There’s an old saying in journalism that readers might come for the news but they stay for the features.
In other words, you may have grabbed ‘em with the headlines – the “shock and the amaze on every page” stuff – but you win their hearts with the detail. The stories. The emotion. The stuff that stayed with you, perhaps, long after your paper went in the recycling bin.
Because good journalism is not just, as the news writers would have you believe, the “what”, “where”, “who” and “when”. That’s important. Of course it is. But what stays with you is the “why” and the “how”. That’s the essence of good feature writing and we seem to be in danger, in a generation or so, of losing it in our national and regional press. At a time when we arguably need it most.
The problem is that the accountants – the people who my old dad used to say knew the bloody price of everything but the value of nothing – are coming for the features. This is a well-trodden path in the grim world of newspaper cutbacks.
Features desks at the regional press have already been decimated as publishers like Reach plc (formerly Trinity Mirror), Newsquest and Johnston Press have slashed costs to survive. There are all sorts of reasons for this, including the economically crippling drift online, the loss of advertisers and an audience now accustomed to getting its news for free.
And now it’s happening at the nationals. The Guardian has announced it will cut 180 jobs, which is 12% of its workforce. The Saturday paper – The Guardian’s best selling of the week, brimming with brilliantly told features and opinion – will bear the lion’s share.
It’s all about money
Saturday is by far the biggest day of the week for print sales for The Guardian, with a circulation 130% higher than on weekdays. A spokesperson for the paper said there were “exciting plans” for a new Saturday supplement, which would cover features, culture, books and lifestyle journalism.
I wonder if there is a world where multi-million-pound budget cuts and job losses lead to a better product? I don’t know of one. It’s certainly not journalism. So why go for the features? Why go for a paper’s soul, its beating heart, what it is known and highly regarded for?
Because of the money. A feature is a longer piece of writing. It is the news behind the news, perhaps, a patchwork quilt of people and views and emotions that cuts through the long grass of an issue and presents the reader with a neatly bundled editorial package that provides genuine insight. The news gives you the information. The feature tells you why it matters. It’s the meat on the bones.
If you’re thinking, “Aw, I really liked those five-page long reads, The Guide, Weekend, Review, the stuff I could pore over …”, then stop right there. Take a step back and think about what it takes to make them.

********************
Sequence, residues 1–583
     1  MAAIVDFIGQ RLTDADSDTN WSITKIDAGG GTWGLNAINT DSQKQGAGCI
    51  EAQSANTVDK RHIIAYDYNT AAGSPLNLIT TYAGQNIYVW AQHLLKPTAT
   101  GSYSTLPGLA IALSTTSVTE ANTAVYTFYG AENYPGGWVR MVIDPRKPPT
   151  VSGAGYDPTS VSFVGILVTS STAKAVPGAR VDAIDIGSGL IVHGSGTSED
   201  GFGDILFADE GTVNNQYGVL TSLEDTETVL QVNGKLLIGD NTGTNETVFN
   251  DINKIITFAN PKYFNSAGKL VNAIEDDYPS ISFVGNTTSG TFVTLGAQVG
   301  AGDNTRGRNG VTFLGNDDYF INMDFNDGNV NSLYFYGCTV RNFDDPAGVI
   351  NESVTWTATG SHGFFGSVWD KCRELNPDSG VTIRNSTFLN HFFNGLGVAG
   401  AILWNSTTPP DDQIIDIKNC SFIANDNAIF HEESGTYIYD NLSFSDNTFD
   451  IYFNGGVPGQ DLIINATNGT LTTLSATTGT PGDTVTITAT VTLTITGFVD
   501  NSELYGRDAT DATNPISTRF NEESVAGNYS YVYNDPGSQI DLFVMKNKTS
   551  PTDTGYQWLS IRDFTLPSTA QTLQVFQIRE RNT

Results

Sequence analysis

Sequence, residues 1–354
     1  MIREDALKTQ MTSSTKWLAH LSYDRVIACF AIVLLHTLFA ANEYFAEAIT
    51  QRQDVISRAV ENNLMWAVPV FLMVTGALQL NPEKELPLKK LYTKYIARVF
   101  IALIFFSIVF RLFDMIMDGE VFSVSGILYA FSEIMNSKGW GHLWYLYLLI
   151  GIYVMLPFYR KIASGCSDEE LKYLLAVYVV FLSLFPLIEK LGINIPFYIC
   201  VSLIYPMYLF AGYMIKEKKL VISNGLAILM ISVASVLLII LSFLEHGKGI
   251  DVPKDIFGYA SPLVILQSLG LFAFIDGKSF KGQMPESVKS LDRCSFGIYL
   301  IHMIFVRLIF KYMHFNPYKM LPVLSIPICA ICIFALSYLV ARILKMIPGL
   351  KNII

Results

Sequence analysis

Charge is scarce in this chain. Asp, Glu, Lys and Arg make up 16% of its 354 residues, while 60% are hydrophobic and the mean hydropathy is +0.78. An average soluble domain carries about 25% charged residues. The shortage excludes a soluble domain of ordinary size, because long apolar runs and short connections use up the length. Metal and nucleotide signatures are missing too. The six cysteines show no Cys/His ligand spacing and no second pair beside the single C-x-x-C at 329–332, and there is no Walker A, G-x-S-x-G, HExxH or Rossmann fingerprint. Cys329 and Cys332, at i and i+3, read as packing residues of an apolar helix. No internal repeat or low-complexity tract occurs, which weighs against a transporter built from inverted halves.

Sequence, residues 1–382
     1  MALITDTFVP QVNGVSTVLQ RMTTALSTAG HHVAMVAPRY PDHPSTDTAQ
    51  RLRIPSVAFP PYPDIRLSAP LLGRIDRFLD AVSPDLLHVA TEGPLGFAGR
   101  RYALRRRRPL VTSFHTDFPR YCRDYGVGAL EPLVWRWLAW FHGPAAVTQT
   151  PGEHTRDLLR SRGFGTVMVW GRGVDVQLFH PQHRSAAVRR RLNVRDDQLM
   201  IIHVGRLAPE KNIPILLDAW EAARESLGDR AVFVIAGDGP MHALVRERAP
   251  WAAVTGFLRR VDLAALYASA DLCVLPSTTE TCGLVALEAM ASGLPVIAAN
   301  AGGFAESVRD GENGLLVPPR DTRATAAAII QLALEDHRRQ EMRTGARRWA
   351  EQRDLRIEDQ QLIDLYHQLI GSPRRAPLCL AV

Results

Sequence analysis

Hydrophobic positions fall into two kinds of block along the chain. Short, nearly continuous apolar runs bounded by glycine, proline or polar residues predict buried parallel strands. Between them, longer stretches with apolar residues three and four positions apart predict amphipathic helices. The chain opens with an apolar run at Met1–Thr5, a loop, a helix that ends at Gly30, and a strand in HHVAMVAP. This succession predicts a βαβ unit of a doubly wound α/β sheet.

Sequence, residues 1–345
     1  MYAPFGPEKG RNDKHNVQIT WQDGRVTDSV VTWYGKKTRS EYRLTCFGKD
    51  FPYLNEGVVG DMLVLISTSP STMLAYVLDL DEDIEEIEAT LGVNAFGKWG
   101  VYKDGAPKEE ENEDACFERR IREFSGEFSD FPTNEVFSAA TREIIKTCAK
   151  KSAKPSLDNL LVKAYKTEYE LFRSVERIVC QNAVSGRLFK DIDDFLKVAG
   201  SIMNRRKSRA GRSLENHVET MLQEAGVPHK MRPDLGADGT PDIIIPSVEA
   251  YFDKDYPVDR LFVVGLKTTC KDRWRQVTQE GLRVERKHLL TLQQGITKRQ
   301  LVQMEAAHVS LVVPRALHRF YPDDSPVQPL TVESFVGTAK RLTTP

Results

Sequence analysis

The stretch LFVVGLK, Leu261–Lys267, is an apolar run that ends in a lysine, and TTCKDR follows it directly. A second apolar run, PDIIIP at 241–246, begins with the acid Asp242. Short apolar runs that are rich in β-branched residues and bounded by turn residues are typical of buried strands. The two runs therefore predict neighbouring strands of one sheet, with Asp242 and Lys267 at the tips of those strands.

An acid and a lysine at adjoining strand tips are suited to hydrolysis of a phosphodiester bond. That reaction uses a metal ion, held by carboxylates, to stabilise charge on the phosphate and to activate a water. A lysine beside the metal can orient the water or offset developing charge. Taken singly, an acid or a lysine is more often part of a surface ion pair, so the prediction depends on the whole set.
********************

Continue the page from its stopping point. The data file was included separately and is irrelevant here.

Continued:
Features take time to produce. Great features are more detailed – involving, at times, many long interviews. They demand more space on the page and more words. They sometimes require expensive photoshoots or artwork to illustrate them.
Take, for instance, the recent New York Magazine profile of the writer of the hit BBC comedy drama I May Destroy You, Michaela Coel. The piece was shared across social media, and praised for its insight, the quality of the writing and its presentation of Coel. It took writer E Alex Jung and Coel 14 hours of interviews, disregarding the time it took to write and for the photos to be taken, to be produced.
A balanced diet
I was a feature writer for nearly 20 years. I wrote for my local paper, the Leicester Mercury. I was a man of little ambition. I was happy to write for the paper where I lived, the paper my mum and dad always bought and the one I delivered as a lad.
I was made redundant in 2016. The editor who gave us the heave-ho said they no longer wanted stories of more than 500 words. I’d won Feature Writer of the Year the week before. The Mercury’s features department – one of the best in regional journalism – was razed to the ground in this brave new feature-less world. It’s a familiar story, told over and over again in most newsrooms.
But has it worked? I’m not sure it has. It’s saved them money, sure. But at what cost? And was it a price worth paying?
A diet of news alone is not enough to grapple with the complexities and nuances of what is happening around the world. There is real value in features. The figures for the Saturday Guardian show that.
I hope that journalism – for all of its obvious faults – can find a route through this morass, a solution that can preserve the future of long-form feature writing. Because it does have a future. Readers still want long-form, detailed, absorbing writing. They want features. They know their value.